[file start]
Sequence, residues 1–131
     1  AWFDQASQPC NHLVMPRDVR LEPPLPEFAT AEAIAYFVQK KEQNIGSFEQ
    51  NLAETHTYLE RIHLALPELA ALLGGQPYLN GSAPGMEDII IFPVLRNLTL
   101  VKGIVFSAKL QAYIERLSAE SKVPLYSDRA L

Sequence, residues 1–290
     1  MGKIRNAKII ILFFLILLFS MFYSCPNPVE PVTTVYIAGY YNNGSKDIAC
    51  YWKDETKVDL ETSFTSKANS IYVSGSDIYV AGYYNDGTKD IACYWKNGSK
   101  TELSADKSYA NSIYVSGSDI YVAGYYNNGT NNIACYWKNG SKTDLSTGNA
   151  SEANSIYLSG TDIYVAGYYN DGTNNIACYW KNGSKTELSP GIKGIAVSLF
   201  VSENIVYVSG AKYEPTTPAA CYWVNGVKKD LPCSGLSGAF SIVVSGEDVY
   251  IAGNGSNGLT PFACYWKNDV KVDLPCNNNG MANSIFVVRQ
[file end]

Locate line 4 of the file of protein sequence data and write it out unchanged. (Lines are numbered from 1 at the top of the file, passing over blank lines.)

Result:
   101  VKGIVFSAKL QAYIERLSAE SKVPLYSDRA L